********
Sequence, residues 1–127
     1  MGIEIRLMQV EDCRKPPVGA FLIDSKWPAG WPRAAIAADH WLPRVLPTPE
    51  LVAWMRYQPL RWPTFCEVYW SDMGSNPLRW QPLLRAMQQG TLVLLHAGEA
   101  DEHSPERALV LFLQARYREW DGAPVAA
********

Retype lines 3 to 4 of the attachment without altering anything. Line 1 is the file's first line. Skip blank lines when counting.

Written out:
    51  LVAWMRYQPL RWPTFCEVYW SDMGSNPLRW QPLLRAMQQG TLVLLHAGEA
   101  DEHSPERALV LFLQARYREW DGAPVAA